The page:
It should be understood that if the Founders had failed to organize the states into a union, slavery would have continued unabated, certainly in the South, and perhaps in the North as well. One of the great obstacles to forming a union of the states under a constitution was the question of representation in Congress. How shall small states be unified with large states in a government that would be fair and equitable to both? The small states wanted one to one representation equal to the large states, while the large and more populous states wanted representation proportionate to the relative populations of each state. The impasse seemed insurmountable and had the potential to wreck all hope of union. But Roger Sherman of Connecticut provided the solution that ultimately satisfied the representatives at the convention: he proposed that Congress be composed of two houses. Representation in the House of Representatives would be apportioned by population, thereby satisfying the large states, while representation in the Senate would be one vote per state, thereby satisfying the small states.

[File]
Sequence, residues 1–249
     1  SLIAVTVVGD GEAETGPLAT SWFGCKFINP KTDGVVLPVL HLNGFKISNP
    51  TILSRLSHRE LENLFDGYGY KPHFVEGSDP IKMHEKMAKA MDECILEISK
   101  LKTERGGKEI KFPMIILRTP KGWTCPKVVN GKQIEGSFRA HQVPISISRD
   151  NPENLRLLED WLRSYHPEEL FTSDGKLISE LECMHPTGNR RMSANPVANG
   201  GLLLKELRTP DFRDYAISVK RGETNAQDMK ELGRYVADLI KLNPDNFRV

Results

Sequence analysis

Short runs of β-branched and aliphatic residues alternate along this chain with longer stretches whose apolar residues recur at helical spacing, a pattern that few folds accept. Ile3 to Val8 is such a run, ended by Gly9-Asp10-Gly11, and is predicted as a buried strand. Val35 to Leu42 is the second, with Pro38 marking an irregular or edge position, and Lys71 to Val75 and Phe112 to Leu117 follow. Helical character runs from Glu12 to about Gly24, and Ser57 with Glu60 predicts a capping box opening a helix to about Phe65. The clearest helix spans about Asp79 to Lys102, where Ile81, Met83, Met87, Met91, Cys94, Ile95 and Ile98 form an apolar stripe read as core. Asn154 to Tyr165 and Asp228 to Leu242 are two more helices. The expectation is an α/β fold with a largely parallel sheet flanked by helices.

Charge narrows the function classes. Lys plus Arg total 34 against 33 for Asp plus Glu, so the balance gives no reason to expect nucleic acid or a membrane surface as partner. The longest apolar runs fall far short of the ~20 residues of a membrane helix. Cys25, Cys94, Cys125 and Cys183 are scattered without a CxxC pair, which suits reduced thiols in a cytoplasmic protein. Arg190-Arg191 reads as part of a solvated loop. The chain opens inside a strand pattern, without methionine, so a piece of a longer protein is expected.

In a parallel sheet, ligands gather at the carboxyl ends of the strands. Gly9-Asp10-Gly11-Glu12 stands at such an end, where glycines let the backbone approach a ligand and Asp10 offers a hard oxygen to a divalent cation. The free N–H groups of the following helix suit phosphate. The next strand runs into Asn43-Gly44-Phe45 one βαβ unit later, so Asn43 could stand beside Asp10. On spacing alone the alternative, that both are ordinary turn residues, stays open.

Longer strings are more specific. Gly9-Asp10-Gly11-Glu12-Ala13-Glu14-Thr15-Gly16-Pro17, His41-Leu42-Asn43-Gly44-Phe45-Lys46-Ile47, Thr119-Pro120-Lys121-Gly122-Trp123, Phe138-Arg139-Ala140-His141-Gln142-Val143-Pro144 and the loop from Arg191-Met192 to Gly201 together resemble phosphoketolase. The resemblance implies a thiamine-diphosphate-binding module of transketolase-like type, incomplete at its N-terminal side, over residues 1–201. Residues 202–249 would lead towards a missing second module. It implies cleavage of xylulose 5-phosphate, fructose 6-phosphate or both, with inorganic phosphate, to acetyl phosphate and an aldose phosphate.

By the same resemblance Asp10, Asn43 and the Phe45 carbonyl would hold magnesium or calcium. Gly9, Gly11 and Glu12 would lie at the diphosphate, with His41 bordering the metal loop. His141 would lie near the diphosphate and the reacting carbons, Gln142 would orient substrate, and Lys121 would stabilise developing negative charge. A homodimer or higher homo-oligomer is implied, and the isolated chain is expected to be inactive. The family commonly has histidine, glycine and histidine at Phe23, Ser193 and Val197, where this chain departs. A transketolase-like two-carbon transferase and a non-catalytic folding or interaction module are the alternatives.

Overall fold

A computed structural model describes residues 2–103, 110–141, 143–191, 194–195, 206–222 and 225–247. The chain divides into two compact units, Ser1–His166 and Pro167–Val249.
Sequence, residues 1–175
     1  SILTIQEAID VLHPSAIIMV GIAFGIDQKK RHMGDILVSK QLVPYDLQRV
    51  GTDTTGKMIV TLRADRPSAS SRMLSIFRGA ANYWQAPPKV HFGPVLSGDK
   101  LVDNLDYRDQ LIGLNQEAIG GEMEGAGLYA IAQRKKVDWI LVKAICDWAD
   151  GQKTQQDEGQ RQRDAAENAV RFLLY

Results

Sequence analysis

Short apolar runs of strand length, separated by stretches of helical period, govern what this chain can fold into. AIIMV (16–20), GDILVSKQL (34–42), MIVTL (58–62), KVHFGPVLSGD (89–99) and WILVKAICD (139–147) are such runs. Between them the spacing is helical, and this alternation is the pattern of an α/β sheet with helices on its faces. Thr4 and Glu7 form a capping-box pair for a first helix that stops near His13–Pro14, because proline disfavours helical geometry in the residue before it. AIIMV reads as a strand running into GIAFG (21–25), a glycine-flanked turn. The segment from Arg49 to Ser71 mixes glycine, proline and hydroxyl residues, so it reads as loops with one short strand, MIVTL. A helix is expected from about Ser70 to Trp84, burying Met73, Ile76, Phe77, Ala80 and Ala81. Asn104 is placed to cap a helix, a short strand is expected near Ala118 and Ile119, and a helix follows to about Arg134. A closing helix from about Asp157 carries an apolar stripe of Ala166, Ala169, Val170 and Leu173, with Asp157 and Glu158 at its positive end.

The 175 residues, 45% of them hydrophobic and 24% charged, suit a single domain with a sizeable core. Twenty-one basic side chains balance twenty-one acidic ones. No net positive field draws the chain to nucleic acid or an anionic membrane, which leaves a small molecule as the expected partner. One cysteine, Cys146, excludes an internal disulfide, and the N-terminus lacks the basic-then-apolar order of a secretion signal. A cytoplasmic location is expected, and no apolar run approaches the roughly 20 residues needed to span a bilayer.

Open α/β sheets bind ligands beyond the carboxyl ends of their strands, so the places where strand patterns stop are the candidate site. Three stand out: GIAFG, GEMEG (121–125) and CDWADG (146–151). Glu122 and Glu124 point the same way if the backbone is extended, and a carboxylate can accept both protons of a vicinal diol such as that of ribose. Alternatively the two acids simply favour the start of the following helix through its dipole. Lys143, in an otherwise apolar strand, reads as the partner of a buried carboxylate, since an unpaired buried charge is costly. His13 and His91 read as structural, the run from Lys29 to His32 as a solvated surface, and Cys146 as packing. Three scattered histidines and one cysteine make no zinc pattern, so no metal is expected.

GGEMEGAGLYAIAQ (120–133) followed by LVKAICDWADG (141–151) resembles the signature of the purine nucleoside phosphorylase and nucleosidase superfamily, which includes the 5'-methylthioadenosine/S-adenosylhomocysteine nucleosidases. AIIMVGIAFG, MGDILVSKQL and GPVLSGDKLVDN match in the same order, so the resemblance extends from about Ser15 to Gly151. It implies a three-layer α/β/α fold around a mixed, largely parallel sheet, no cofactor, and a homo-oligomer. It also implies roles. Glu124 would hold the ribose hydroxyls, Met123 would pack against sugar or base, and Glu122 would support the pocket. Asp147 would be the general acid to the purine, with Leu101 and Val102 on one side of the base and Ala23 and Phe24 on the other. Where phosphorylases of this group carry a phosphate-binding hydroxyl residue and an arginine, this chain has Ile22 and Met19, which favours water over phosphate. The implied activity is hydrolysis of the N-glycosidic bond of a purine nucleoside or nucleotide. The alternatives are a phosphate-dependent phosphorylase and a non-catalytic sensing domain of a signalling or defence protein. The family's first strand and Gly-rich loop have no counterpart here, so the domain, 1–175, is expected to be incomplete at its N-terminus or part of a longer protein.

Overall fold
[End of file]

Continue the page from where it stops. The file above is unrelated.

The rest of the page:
The question then became which “inhabitants” of each state would be counted for purposes of representation in the House of Representatives. The northern states insisted that only free citizens of each state be counted for purposes of apportionment in the House. The southern states, wanting to garner as much power and influence in the new government as possible, argued that all people within their borders, whether free or not, be counted for purposes of apportionment.

This was yet another deadly serious impasse. It must be said, however, that many of those representatives at the convention who owned slaves recognized that slavery would be a blot on the new nation and that it had to be ended. But it was also certain that if they tried to abolish slavery immediately with the Constitution, it would be rejected by the southern states and the union would fail. Two compromises were made. First, the southern states agreed to count only three fifths of slaves. In turn, the northern states agreed to a clause prohibiting Congress from abolishing slavery for twenty years, until the year 1808.